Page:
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There’s Evidence to Open Case Against Donald Trump: Indian-American Attorney Preet Bharara

Mr Bharara said in the ABC News interview that watching how Mr Comey's interactions with Mr Trump and how his firing played out "felt a little bit like deja vu".

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The Department of Justice has obtained search warrants; one of which was issued for the DisruptJ20 Facebook page, which organized protests upon President Trump's inauguration (VOA).
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  • The former US attorney for the Southern District of New York made the remarks in an ABC news interview on Sunday night
  • Mr Bharara was in office until March when he and 45 other US attorneys remaining as holdovers from the former President Barack Obama’s administration were asked to step down
  • The Indian-American said Mr Trump, when he was still the president-elect, made a series of “unusual phone calls” to him

New York, June 12, 2017: Indian-American prosecutor Preet Bharara who was fired by Donald Trump’s administration in March, has said that said there were “absolute evidence” to begin a case for obstruction of justice against the President, the media reported. The former US attorney for the Southern District of New York made the remarks in an ABC news interview on Sunday night when asked whether he believed that there was enough evidence for a case claiming that Trump tried to obstruct the Federal Bureau of Investigation (FBI) probe into former national security adviser, Michael Flynn’s ties with Russian officials.

“There is absolutely evidence to begin a case for obstruction of justice by Trump,” Mr Bharara said in his first television interview since being fired by Trump in March.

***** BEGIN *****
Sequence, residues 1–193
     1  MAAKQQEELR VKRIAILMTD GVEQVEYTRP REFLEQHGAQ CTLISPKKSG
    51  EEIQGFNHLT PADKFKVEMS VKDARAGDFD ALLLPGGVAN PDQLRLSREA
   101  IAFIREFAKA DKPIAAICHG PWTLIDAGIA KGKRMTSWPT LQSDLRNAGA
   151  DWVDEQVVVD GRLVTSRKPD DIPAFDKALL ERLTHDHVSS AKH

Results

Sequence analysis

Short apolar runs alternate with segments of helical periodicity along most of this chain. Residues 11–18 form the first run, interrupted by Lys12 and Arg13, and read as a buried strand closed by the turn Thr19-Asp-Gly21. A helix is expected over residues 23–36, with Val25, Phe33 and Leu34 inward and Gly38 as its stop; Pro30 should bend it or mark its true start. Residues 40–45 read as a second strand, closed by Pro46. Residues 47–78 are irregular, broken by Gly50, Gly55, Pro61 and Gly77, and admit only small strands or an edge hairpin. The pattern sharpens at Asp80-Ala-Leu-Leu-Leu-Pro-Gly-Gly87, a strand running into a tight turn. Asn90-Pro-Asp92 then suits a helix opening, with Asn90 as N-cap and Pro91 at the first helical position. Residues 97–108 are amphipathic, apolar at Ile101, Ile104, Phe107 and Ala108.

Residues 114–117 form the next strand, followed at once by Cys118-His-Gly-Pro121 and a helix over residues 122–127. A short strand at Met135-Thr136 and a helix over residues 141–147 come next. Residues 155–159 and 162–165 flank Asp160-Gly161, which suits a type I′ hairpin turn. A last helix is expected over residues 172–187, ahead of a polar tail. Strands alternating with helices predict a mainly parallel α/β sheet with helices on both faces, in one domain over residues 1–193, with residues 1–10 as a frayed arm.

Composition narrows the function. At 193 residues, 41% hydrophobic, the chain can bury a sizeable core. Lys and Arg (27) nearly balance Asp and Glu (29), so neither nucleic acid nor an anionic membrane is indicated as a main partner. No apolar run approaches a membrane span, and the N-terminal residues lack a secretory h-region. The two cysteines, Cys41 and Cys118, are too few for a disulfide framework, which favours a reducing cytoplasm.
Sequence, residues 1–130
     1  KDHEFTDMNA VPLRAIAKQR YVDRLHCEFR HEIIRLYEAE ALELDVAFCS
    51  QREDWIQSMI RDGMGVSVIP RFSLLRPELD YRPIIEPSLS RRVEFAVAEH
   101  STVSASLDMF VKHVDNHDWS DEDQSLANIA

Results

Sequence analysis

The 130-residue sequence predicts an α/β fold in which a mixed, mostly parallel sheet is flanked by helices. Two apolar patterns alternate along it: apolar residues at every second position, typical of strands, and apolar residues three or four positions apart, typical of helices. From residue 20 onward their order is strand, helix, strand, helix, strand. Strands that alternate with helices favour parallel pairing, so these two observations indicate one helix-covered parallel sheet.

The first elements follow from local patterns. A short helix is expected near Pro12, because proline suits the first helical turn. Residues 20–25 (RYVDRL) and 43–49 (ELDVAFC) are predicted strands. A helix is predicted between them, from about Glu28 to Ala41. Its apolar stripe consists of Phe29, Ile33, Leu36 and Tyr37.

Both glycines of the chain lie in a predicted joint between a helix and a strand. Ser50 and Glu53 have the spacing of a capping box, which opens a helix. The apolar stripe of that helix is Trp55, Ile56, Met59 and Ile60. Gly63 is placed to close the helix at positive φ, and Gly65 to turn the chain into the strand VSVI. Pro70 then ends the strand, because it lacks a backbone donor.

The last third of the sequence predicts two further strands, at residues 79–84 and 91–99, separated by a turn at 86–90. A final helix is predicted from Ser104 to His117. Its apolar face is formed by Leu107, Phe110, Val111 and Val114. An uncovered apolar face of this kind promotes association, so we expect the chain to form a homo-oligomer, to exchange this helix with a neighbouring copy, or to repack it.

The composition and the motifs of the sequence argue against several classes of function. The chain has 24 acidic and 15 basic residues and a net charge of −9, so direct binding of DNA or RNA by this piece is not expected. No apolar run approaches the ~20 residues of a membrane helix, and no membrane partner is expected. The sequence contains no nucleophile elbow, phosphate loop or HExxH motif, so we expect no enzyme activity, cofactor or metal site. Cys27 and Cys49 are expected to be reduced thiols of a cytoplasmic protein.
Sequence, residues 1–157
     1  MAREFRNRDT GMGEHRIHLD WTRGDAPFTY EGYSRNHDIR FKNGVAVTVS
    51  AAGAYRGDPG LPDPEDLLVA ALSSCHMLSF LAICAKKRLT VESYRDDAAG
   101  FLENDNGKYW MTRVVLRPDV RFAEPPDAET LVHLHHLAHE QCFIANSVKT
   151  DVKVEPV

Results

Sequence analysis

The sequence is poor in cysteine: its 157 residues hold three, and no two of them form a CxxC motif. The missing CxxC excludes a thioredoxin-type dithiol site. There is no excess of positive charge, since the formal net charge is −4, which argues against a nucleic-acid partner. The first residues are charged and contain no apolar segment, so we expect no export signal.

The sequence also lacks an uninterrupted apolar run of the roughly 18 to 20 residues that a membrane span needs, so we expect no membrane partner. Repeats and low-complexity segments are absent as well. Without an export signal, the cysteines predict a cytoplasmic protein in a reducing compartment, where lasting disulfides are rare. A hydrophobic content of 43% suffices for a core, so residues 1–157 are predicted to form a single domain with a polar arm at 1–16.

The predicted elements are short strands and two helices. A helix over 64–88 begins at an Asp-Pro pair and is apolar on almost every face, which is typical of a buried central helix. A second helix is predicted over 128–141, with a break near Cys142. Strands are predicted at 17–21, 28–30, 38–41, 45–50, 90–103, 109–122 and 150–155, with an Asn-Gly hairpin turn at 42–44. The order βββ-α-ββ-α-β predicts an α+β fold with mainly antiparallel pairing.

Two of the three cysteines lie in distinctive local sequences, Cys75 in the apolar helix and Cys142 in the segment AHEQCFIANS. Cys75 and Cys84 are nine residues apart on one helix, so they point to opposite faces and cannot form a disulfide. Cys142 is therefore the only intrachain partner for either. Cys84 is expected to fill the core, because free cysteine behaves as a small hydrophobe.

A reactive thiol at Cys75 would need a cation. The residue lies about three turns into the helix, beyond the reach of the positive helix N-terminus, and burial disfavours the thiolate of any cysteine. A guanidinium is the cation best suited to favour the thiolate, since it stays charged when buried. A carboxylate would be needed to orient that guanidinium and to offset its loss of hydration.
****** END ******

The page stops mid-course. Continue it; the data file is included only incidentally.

“No one knows right now whether there is a provable case of obstruction… there’s no basis to say there’s no obstruction.”

ALSO READ: Can US President Donald Trump be Indicted for Obstruction of Justice?

Mr Bharara was in office until March when he and 45 other US attorneys remaining as holdovers from the former President Barack Obama’s administration were asked to step down.

Mr Bharara, a friend and former colleague of James Comey — the FBI director fired by Trump in May — attended the Senate Intelligence Committee hearing on June 8 when Mr Comey testified about conversations he had with the President about the agency’s overall Russia investigation and its probe into Flynn.

Mr Bharara said in the ABC News interview that watching how Mr Comey’s interactions with Mr Trump and how his firing played out “felt a little bit like deja vu”.

The Indian-American said Mr Trump, when he was still the president-elect, made a series of “unusual phone calls” to him.

“In reporting the phone call to the chief of staff to the attorney general I said, it appeared to be that he was trying to cultivate some kind of relationship,” Mr Bharara said.

“It’s a very weird and peculiar thing for a one-on-one conversation without the attorney general, without warning between the president and me or any United States attorney who has been asked to investigate various things and is in a position hypothetically to investigate business interests and associates of the President.”

After Trump took office, Mr Bharara refused to take one of Mr Trump’s calls.

“The call came in. I got a message. We deliberated over it, thought it was inappropriate to return the call. And 22 hours later I was asked to resign along with 45 other people,” Mr Bharara said.

“To this day I have no idea why I was fired,” Mr Bharara added. (IANS)

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Brown: The colour of toil but non-acceptance across the West?

"This is now our destiny as brown people. Our labour is needed, but citizenship is denied."

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Police Chief David Brown. Image Source: Twitter
  • Kamal Al Solaylee’s book Brown highlights the problems of ‘brown’ people in Trump’s rule
  • Donald Trump is often accused of malingering the image of brown people
  • this book cites many examples of discrimination which brown people go through

Title: Brown: What Being Brown in the World Today Means (to Everyone); Author: Kamal Al Solaylee

All our social development and our technological advancements don’t seem enough to eradicate our long-persisting atavistic sense of difference based on appearance, which though long-suppressed is now emerging free from its restraints — as proved by the recent intemperate comments by US President Donald Trump on immigrants from a certain set of countries.